The martins that built in his gourds on the tall pole had opened his eyes.
"The Southerner" by Thomas Dixon
I can't say that I'm flourishing like Jonah's gourd, as you seem to be.
"The Wit and Humor of America, Volume VII. (of X.)" by Various
Dour indeed was the look he gave the groaning agent, now gulping at a gourd held to his pale lips by one of the men.
"An Apache Princess" by Charles King
The vase or the gourd as a symbol of water, the source and preserver of life, is a conspicuous figure in the myths of ancient America.
"The Myths of the New World" by Daniel G. Brinton
For powder flask they used a hollow gourd, which was first dried in the sun.
"On the Spanish Main" by John Masefield
An egg-shaped vessel, made in imitation of a gourd.
"Illustrated Catalogue of a Portion of the Collections Made" by William H. Holmes
They had gourds to dip it out with.
"Slave Narratives: a Folk History of Slavery in the United States From Interviews with Former Slaves" by Work Projects Administration
Let us fill our jars and gourds and go home.
"Tales of Wonder Every Child Should Know" by Various
He is musical, too, and makes a rough instrument out of a gourd and one or more strings.
"Encyclopaedia Britannica, 11th Edition, Volume 4, Part 4" by Various
It is still very hard either to leave or even to enter Paris, Gourde, the Communist Minister of Finance, has been found.
"The Insurrection in Paris" by An Englishman: Davy
The water in their gourds had been used up long before this; and both they and their horses were once more suffering from thirst.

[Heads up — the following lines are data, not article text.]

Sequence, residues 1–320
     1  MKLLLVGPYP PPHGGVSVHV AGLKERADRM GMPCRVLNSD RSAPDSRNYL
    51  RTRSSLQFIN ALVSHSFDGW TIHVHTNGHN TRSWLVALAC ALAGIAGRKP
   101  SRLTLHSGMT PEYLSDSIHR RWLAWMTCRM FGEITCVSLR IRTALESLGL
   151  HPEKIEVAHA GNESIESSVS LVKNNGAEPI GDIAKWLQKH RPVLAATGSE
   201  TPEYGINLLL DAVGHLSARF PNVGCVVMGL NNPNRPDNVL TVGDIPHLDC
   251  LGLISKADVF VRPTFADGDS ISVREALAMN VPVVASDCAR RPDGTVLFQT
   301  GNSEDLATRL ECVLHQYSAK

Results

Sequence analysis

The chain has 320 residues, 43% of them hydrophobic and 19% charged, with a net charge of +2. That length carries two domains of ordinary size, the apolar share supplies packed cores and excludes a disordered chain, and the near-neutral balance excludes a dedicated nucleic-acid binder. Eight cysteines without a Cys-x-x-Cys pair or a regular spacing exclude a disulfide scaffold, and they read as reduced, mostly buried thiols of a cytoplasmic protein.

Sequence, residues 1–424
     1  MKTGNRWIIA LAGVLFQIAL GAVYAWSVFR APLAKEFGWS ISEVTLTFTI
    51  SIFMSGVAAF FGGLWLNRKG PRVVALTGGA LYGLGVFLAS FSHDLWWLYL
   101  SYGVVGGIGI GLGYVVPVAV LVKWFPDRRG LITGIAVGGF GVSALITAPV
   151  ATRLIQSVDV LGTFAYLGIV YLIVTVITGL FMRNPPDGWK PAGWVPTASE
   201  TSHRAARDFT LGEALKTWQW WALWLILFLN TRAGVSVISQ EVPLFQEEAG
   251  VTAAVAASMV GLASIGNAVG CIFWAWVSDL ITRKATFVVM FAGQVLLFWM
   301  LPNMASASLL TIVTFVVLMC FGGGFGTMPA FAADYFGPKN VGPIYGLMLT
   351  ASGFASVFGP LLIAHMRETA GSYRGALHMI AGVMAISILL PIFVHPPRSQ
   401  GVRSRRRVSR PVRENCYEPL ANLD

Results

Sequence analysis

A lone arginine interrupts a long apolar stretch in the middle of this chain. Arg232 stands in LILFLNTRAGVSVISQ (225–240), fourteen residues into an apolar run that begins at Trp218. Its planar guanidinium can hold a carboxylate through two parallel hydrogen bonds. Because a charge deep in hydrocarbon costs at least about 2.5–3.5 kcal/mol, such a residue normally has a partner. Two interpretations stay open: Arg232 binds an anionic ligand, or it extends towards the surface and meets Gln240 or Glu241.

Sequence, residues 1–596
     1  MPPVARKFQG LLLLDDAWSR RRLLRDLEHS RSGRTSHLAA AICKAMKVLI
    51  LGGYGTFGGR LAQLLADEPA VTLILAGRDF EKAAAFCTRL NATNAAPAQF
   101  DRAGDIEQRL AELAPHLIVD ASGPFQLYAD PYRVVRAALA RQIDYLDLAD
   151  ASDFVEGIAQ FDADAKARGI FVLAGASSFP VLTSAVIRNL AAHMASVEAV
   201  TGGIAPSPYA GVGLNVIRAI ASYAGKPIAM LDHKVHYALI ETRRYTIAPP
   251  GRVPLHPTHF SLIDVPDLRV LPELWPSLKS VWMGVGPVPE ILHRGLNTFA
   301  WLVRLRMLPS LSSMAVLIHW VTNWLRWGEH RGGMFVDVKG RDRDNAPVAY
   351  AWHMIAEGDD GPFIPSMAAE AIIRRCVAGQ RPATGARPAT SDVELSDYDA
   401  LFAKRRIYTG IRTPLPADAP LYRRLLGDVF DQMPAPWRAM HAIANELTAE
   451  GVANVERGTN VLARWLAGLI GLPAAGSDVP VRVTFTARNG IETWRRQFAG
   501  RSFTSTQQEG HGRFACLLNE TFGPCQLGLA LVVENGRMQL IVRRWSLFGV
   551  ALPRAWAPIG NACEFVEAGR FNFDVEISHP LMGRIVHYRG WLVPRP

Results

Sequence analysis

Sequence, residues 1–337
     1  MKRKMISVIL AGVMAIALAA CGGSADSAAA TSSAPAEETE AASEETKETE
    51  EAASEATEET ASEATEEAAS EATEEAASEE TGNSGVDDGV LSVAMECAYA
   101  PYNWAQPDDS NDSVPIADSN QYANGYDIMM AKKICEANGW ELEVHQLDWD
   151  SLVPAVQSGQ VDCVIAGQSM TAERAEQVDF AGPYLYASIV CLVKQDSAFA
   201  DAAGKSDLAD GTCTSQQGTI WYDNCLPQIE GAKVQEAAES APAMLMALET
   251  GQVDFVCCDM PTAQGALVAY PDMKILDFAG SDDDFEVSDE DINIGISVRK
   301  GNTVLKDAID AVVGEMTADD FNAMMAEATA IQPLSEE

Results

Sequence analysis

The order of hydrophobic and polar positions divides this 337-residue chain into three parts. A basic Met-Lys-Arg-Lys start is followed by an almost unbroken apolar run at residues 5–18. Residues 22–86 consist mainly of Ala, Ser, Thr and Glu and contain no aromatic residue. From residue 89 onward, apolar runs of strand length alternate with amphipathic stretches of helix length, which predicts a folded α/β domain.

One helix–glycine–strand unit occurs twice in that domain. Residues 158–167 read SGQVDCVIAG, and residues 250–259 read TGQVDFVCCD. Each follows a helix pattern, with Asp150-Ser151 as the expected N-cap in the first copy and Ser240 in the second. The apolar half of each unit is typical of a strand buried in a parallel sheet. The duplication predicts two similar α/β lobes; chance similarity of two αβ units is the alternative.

"The Bush Boys" by Captain Mayne Reid
Finding it so, I took occasion to abstract a good large gourd, and set it surreptitiously aside.
"The Lone Ranche" by Captain Mayne Reid
There were a few cocoa-nuts and gourds in the lockers, and other provisions, but that was all.
"The Three Lieutenants" by W.H.G. Kingston
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In poetry:

Paw bends to read his almanax
An' study out the weather,
An' bud has got a gourd o' grease
To ile his harness leather.
"Before Bedtime" by John Charles McNeill
Amongst the thorns so lilies shine;
Amongst wild gourds the noble vine;
So in mine eyes my Savior proves,
Amidst a thousand meaner loves.
"Hymn 68" by Isaac Watts
"I wax in His peace like a pious gourd,
The Lord God is a pleasant God,
Break mine enemy's jaw, O Lord!
For the Lord is King above all gods!"
"King David" by Stephen Vincent Benet
I trembled when I saw it fade,
But guilt restrained the murm'ring word;
My folly I confessed, and prayed,
Forgive my sin, and spare my gourd.
"The Gourd" by John Newton
His wondrous love can ne'er be told,
He heard me and relieved my pain;
His word the threat'ning worm controlled,
And bid my gourd revive again.
"The Gourd" by John Newton
Now down the road, that shambles by,
A window, shining like an eye
Through climbing rose and gourd,
Shows Age and young Rusticity
Seated at board.
"Evening On The Farm" by Madison Julius Cawein

In news:

Gourds, a missing parakeet and a lost ring.
Out of their gourds over plump pumpkins.
The winner of this year's regional Great Pumpkin Weigh-off in Dundee came in at 1,294 pounds — a hefty gourd but short of last's year's 1,723-pound champ.
Massive gourd tipped scales at 1,775 pounds.
Gourds Fly At Punkin Chunkin'.
Guayaki Yerba Mate Bar – Gourd Service.
An old country store with snacks, cozy fireplace and a selection of specialty gourds and pumpkins.
The ancient peyote style of beading, also known as the gourd stitch, involves interweaving rows of beads .
Get a medium sized pumpkin, a gourd that has a curved neck, five Indian corn with the husks and something red for the wattle.
Cucumbers are in the family of gourds along with melons and squashes.
Listen to Prairie Dog Town, Get My Gourd and Flags above.
In the wake of Hurricane Sandy, a Connecticut store owner decides to have a little fun with his gourds.
Zoo animals enjoy gourd-y goodness.
Loved your response to the bored-out-of-their-gourds parents of the 1-year-old.
Zoo animals enjoy gourd-y goodness .